Most songwriters start writing in their teens and THEN accumulate the life experience that give their work insight and heft. Mary Gauthier flipped the script. Like fellow American musician Louis Armstrong, she was orphaned in New Orleans. Her youth was, to use the euphemism, troubled. At 15 and 16 she was addicted to alcohol and drugs and in rehab. She famously spent her 18th birthday in a jail cell. She didn’t start writing songs until her 30s and when she did, there was a remarkably, fully formed artist who was quickly recognized by an influential record label and the nation’s leading folk and roots venues.
Mary’s journey of recovery and reconciliation has been widely told and documented in her songs and her candid, moving on stage performances. What’s notable about her current chapter is how her experience with her own trauma and writing about it therapeutically helped steer her toward her current project.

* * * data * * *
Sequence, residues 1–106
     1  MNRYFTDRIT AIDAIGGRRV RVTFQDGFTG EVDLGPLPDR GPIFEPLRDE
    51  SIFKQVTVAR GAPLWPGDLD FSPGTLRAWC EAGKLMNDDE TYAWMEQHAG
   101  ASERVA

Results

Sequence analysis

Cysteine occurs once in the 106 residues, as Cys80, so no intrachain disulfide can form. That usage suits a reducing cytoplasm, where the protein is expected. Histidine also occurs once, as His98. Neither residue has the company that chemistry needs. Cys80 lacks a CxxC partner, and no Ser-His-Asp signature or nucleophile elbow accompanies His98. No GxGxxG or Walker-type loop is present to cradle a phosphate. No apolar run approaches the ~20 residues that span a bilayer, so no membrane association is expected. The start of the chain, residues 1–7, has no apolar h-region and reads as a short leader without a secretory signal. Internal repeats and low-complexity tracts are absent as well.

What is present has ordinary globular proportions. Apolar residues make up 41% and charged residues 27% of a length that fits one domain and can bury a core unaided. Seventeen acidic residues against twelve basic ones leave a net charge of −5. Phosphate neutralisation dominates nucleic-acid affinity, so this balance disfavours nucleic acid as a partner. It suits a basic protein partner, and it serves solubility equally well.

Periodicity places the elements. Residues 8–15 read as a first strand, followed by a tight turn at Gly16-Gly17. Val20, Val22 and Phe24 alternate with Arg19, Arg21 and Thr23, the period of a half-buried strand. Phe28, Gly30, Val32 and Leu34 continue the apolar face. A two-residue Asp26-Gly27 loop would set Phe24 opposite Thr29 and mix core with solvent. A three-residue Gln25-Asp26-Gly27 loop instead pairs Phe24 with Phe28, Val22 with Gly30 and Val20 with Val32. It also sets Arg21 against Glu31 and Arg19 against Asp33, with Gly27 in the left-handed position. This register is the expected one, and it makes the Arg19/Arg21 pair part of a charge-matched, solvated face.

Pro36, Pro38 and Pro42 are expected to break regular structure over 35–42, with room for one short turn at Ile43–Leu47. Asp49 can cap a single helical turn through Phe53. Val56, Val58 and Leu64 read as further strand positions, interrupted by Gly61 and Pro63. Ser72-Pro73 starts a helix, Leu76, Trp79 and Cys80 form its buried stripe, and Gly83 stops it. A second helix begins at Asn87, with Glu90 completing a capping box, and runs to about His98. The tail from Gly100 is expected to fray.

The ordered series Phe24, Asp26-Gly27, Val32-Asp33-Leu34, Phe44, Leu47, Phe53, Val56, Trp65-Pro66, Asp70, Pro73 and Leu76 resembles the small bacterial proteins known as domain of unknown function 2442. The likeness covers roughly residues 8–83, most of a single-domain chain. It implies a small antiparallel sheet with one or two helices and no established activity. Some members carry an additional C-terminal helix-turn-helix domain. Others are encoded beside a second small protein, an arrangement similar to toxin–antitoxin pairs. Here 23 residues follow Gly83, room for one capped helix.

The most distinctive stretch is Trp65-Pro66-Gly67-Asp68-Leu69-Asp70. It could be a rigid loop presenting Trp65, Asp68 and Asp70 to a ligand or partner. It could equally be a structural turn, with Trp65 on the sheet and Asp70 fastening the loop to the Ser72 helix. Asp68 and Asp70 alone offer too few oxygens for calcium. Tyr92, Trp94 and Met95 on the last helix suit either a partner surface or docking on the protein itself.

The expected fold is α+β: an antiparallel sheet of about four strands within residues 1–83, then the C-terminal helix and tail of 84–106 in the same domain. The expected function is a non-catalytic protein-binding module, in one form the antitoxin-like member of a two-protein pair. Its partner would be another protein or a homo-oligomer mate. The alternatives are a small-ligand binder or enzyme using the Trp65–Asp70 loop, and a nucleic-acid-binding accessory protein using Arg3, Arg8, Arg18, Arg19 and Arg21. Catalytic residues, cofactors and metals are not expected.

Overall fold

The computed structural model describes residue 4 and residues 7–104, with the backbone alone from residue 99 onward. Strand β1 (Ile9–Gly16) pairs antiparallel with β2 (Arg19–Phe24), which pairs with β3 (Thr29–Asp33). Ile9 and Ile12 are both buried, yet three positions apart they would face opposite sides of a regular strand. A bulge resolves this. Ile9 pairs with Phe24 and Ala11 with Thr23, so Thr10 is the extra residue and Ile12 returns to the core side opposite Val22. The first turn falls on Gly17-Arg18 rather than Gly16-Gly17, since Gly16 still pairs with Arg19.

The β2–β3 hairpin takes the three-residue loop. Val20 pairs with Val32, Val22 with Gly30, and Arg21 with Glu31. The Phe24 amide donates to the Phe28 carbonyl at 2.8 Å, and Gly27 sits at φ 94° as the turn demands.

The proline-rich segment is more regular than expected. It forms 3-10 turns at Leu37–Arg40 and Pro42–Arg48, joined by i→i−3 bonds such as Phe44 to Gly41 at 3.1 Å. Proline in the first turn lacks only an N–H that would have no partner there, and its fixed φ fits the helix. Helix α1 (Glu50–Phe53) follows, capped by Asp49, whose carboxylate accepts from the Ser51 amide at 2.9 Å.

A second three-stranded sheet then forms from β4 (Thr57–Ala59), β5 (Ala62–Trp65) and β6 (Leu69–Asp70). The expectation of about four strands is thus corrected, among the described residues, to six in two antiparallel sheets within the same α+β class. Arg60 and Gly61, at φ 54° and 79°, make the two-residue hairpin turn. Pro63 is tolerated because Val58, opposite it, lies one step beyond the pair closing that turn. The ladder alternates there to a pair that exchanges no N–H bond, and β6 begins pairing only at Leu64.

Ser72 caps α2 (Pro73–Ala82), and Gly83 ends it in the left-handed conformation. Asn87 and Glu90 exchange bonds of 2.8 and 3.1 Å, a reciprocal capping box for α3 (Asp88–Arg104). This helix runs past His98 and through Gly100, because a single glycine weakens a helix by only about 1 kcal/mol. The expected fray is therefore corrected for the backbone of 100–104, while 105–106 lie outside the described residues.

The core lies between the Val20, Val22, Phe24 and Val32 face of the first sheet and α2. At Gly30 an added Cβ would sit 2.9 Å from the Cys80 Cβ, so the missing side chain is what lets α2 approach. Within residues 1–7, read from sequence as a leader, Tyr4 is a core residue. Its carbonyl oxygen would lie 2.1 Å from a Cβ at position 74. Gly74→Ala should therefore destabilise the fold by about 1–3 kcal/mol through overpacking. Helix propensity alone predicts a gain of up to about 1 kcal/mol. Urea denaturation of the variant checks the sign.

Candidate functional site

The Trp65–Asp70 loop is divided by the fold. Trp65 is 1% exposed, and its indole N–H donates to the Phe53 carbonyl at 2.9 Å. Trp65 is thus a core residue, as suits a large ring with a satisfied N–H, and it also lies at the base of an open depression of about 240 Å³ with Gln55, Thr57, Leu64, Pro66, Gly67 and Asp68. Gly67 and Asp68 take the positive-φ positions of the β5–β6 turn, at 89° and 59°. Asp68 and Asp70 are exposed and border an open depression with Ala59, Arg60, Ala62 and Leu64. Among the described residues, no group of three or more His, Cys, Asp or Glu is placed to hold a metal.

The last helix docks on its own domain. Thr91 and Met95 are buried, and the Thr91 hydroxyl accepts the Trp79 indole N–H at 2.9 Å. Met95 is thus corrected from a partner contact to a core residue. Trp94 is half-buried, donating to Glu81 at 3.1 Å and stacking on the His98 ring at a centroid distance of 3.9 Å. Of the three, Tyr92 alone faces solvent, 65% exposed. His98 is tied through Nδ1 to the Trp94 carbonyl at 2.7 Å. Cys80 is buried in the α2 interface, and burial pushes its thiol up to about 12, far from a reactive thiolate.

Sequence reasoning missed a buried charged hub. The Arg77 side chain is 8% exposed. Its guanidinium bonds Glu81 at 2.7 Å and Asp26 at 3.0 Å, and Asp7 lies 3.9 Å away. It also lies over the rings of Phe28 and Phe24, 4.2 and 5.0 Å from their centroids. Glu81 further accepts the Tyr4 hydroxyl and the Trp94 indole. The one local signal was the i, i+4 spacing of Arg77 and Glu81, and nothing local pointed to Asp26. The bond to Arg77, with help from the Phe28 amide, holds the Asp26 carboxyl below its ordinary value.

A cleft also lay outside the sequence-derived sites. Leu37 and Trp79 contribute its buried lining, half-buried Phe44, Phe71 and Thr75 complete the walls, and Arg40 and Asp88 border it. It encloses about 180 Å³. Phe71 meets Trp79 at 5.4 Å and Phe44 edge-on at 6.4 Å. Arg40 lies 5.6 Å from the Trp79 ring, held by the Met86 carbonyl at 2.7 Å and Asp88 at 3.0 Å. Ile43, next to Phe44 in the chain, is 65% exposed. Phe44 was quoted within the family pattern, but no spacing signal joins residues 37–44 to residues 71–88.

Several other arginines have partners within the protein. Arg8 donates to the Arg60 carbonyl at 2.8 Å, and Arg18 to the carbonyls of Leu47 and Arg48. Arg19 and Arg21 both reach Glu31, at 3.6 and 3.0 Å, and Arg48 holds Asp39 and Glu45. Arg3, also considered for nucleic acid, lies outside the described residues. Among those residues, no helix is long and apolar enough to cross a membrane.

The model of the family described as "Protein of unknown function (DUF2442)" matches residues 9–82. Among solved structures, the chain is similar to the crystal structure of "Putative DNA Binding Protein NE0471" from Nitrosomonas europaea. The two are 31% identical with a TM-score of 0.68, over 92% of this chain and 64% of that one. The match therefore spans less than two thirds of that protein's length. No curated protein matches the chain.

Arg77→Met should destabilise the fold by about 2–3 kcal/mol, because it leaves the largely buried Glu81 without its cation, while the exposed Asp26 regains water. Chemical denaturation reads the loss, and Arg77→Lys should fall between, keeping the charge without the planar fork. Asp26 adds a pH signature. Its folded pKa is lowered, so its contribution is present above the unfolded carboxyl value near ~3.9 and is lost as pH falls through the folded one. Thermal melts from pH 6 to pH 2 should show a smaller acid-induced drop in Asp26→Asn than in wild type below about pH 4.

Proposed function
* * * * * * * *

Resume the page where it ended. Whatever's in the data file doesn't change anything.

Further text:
It’s a volume of songs co-written with veterans and active duty soldiers processing their complex and often traumatic experiences with stories and music. The album, arguably the most anticipated of Gauthier’s impressive career, is called Rifles & Rosary Beads.